Lard, shortening and bacon drippings were found in nearly every kitchen back in the '30s. If there was not much meat on the menu, fried foods made its absence less noticeable. Fat from beef or pork was used to make gravy. Lots of lard made flaky pie crusts and tender cakes.
When the Second World War started, fats were needed for the war effort, and all waste fat was taken to collection places. Any fats no longer suitable for cooking were carefully saved in a large container, mixed with water, and heated until the fat melted. This mixture was stirred and allowed to cool. The fat rose to the top and hardened. The bits of food that dropped to the bottom and the water were discarded. The fat was taken to a collection place.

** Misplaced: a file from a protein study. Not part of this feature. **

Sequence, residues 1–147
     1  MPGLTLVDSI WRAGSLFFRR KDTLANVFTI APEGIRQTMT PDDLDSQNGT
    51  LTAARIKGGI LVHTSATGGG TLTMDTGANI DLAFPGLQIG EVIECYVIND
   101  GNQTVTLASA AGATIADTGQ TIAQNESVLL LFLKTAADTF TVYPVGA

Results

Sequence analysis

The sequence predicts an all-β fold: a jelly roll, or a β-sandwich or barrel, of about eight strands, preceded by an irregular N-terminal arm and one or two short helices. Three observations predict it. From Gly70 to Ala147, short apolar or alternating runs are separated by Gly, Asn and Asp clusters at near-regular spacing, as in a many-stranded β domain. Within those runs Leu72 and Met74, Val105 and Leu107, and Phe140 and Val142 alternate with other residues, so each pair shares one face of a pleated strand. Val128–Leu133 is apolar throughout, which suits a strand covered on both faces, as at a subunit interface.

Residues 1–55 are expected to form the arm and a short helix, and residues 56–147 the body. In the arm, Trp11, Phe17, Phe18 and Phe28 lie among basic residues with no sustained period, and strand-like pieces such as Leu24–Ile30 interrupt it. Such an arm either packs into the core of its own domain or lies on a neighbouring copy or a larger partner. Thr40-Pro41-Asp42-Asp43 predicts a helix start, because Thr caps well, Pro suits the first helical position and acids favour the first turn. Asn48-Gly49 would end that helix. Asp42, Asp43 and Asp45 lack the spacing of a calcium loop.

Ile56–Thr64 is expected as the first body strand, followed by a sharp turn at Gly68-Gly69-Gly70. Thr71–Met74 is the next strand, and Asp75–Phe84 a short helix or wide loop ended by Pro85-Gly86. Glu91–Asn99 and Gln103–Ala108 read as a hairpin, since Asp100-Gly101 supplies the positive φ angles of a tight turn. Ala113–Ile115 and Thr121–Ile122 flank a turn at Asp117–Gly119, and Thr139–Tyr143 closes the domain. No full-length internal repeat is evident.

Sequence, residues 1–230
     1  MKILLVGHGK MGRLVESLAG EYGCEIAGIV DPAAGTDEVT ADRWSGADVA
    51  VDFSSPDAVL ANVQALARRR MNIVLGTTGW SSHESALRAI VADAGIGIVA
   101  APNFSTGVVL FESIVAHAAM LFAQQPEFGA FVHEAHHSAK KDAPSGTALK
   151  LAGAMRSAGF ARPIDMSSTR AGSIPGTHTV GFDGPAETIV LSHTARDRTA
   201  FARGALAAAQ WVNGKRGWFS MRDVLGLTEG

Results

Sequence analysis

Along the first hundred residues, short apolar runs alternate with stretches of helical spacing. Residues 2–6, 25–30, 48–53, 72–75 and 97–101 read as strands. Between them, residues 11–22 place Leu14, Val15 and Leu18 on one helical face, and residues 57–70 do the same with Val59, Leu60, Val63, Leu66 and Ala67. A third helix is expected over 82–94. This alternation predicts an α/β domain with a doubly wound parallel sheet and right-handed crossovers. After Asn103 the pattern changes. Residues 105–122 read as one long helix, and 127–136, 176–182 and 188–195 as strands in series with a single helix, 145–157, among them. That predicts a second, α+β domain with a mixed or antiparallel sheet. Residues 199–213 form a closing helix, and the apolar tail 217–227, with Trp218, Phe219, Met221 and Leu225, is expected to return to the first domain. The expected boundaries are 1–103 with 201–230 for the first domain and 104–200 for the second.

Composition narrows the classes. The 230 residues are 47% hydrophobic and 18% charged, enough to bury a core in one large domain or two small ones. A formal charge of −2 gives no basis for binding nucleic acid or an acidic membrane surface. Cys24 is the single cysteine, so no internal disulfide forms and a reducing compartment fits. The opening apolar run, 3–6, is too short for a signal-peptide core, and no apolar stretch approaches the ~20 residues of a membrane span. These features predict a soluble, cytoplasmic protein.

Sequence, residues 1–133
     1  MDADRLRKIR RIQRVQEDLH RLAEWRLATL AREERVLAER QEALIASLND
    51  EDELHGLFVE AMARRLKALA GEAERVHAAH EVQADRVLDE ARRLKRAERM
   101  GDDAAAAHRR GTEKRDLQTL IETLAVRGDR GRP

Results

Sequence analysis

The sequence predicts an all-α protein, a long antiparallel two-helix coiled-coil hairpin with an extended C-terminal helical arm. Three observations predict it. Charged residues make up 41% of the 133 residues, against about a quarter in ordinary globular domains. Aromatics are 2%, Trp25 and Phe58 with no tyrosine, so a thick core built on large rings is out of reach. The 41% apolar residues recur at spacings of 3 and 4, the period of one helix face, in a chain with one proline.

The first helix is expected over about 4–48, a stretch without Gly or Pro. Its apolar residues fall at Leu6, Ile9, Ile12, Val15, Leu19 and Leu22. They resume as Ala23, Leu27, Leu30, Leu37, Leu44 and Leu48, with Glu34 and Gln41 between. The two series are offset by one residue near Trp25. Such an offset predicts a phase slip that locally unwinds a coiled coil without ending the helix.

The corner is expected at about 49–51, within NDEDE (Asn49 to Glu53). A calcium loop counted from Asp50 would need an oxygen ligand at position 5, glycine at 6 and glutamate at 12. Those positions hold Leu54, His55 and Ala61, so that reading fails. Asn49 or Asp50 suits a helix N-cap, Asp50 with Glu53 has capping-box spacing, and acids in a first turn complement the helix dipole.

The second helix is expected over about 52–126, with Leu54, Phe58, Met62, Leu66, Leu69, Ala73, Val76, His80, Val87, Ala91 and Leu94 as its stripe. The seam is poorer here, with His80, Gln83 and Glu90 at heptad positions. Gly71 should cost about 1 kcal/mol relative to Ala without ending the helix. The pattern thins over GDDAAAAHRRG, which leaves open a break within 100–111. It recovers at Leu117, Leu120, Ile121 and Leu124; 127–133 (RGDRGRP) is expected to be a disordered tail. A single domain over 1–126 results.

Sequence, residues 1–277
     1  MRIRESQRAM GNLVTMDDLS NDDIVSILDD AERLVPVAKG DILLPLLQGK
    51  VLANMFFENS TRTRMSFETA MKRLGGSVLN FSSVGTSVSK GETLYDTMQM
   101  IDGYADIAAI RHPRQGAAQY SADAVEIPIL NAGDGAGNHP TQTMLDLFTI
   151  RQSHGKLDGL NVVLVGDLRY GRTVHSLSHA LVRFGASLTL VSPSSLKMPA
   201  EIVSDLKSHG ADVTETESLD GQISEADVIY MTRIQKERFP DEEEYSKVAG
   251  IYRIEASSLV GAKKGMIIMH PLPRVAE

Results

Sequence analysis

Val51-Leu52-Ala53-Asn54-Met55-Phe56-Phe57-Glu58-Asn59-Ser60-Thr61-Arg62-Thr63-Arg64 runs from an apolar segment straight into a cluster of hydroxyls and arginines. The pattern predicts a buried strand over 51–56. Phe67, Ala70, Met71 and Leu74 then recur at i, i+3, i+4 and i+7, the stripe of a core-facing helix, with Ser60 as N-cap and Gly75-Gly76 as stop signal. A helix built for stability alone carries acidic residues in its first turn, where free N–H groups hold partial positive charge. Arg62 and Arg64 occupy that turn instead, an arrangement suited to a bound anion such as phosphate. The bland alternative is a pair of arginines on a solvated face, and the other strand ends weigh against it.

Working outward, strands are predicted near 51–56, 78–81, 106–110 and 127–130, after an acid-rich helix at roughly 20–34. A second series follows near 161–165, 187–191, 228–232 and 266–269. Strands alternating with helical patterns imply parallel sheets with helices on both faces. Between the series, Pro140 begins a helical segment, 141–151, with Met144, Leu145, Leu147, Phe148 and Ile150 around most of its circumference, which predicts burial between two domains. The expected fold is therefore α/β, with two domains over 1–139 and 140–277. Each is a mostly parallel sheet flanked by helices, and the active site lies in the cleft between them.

Housewives had to revise recipes to save fat. Hot-water corn bread was baked instead of fried; sometimes a little baking powder was used in pie crust to cut down on the amount of shortening needed.
Sugar was rationed, and jellies and jams replaced icing on cakes. As long as candy was available in the stores, lemon drops or peppermint sticks replaced sugar in iced tea.
Besides the fats, housewives were expected to turn in used razor blades and empty toothpaste tubes.
Gypsy Damaris Boston
Back in 1955 a call went out from the editors of the then Capper’s Weekly asking for readers to send in articles on true pioneers. Hundreds of letters came pouring in from early settlers and their children, many now in their 80s and 90s, and from grandchildren of settlers, all with tales to tell. So many articles were received that a decision was made to create a book, and in 1956, the first My Folks title – My Folks Came in a Covered Wagon – hit the shelves. Nine other books have since been published in the My Folks series, all filled to the brim with true tales from Capper’s readers, and we are proud to make those stories available to our growing online community.